Russia holds its presidential election on March 4, in which — surprise, surprise — Vladimir Putin is expected to return to the top office after a one-term hiatus as prime minister.
On Thursday, I was on CCTV News Dialogue discussing the election and the key issues Putin will face in its aftermath, including stymied economic reform and the tense US-Russia relationship. We also talk about Russian and Chinese opposition to UN sanctions against Iran and Syria. You can watch the program here.
I was happily surprised to see the show posted online, given the observation I made at one point about the risk that, in blocking UN action on Syria, both Russia and China might find themselves “on the wrong side of history.”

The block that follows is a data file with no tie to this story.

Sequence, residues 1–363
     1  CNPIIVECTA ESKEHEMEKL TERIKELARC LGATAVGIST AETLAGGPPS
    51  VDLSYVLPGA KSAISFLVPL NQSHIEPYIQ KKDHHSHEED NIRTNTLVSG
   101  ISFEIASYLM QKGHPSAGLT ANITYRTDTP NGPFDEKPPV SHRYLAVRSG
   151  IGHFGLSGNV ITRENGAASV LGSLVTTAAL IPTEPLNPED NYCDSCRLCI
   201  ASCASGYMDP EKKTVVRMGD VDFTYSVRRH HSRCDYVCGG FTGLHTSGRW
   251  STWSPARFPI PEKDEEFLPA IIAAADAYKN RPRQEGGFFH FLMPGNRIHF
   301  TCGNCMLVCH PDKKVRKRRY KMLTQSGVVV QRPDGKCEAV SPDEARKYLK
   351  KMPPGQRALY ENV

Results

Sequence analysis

I could sense the silent gasp in the studio when I said it, since this is a highly sensitive topic in China right now.
But regardless of what one thinks of the Chinese position, given the fallout from Libya’s regime change, and the negative backlash towards China in Syria’s streets, this is a reality that, pragmatically, China cannot really afford to ignore.
(The reason I say I’m happily “surprised” is because when last year, on a live show, I offered a similar observation about how China needs to consider whether North Korea’s belligerent behaviour actually harms China’s regional interests, that show was hastily re-taped without me for subsequent rebroadcast, and the original version was never posted online, as if it had never happened.)
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